How colleges are customizing meatless dishes

The choose-your-toppings Chipotle model of menu customization has become, as the kids say, so basic. And while the “V” words—vegetarian and vegan—are shunned by some omnivorous diners, these preferences aren’t being shoved in the corner of the dining hall anymore. With a movement toward plant-based dishes, which fit easily into the personalization model, diners don’t have to settle for the designated vegetarian option or cobble together a meal from side dishes.

All kinds of students are looking to personalize their meals, not just those with restricted diets or allergies, says Julie Lee, campus dietitian for Binghamton University Dining Services in Binghamton, N.Y.

 “[Students] don’t want just one place where they get ‘healthy food.’ They want to have vegan or vegetarian options available everywhere, even when they’re not vegan and vegetarian,” Lee says. “Sometimes, some of them like to follow a grain-free or gluten-free diet out of preference or experimentation. In my contact with students, [personalization] is a priority and something they always like.”

Binghamton now ensures every retail location has vegetarian and vegan options in the mix. “If you were to go to our marketplace where we have 11 outlets, we try to establish a vegetarian or vegan or gluten-free option at every one of the outlets,” says Tom LaSarso, director of retail operations. “They’re not just pigeonholed into the salad bar.”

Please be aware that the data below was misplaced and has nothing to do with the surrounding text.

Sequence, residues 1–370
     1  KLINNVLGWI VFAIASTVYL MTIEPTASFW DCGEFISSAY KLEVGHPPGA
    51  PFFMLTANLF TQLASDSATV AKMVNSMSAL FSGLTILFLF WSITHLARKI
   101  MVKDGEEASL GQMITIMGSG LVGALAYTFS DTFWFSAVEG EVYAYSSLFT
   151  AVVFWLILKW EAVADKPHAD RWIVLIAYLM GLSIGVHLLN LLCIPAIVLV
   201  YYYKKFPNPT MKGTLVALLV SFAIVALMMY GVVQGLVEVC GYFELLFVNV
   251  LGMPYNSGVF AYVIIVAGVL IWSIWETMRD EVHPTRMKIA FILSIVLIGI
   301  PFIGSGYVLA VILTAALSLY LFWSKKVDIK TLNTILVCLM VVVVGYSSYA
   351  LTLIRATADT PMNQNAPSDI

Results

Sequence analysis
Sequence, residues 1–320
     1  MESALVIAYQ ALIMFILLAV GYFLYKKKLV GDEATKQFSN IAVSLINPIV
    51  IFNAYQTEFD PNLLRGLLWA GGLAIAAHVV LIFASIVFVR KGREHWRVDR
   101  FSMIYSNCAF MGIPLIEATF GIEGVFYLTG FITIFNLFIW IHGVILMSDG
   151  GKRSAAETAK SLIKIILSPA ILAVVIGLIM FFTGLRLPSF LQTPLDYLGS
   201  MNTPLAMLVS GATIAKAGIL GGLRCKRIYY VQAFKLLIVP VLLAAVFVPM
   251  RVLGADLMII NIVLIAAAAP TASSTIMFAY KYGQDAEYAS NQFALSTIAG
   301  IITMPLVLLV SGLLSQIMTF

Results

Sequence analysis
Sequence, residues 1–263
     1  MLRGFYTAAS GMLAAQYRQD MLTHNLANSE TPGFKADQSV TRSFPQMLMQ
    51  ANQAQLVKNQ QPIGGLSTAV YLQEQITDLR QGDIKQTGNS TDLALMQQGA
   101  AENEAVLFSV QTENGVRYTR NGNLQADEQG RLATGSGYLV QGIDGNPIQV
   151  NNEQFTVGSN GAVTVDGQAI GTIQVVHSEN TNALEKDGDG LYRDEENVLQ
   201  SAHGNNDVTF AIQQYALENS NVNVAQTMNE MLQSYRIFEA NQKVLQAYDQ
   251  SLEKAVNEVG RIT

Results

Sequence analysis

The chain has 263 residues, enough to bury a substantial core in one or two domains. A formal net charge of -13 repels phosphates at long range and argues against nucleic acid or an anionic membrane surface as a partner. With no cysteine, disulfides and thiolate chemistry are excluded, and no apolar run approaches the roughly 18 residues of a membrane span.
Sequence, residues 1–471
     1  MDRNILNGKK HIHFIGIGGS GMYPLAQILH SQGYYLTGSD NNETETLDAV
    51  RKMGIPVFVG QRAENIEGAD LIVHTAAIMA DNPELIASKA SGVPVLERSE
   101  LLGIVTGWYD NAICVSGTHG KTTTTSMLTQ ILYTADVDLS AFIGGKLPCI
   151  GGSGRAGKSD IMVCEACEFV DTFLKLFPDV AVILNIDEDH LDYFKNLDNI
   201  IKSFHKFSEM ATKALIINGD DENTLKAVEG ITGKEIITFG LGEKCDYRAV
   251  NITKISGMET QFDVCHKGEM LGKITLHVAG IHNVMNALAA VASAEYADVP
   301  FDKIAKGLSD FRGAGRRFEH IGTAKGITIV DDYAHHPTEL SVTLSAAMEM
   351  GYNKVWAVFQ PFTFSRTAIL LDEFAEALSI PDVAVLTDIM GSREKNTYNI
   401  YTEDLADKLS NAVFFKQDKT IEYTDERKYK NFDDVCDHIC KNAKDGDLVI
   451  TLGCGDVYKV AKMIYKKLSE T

The school is also experimenting with options that go beyond the build-your-own-bowl model or deli sandwiches made to order. “We have an all-breakfast outlet called Cakes & Eggs, our own in-house concept, where you can customize what’s in your omelet; we have vegan pancakes or regular pancakes,” Lee says.

As customization continues to evolve, operators see diners’ backgrounds coming into play even more. “I feel that the background, culture or heritage has a big role in making a personal connection to food,” Anthony Dedek, food service director at Pine Manor College in Chestnut Hill, Mass., says. “If a student can find a dining option that relates to any of these, it makes a huge impact on the student.”

Diners’ interest (or lack thereof) in organics may also provide some opportunity when it comes to customization, though having that option isn’t important to all. At Benchmark, “organic ingredients may appeal to an adult child who is helping mom and dad select a [senior living] community, but we find it’s not as important of an issue to our residents,” Hemond says.

“We try to offer as much organic items as we can, but as far as it being a factor in personalization or customizing of their dish, it only helps,” Dedek says. “People want to be educated on where their food is coming from or how it is grown.”


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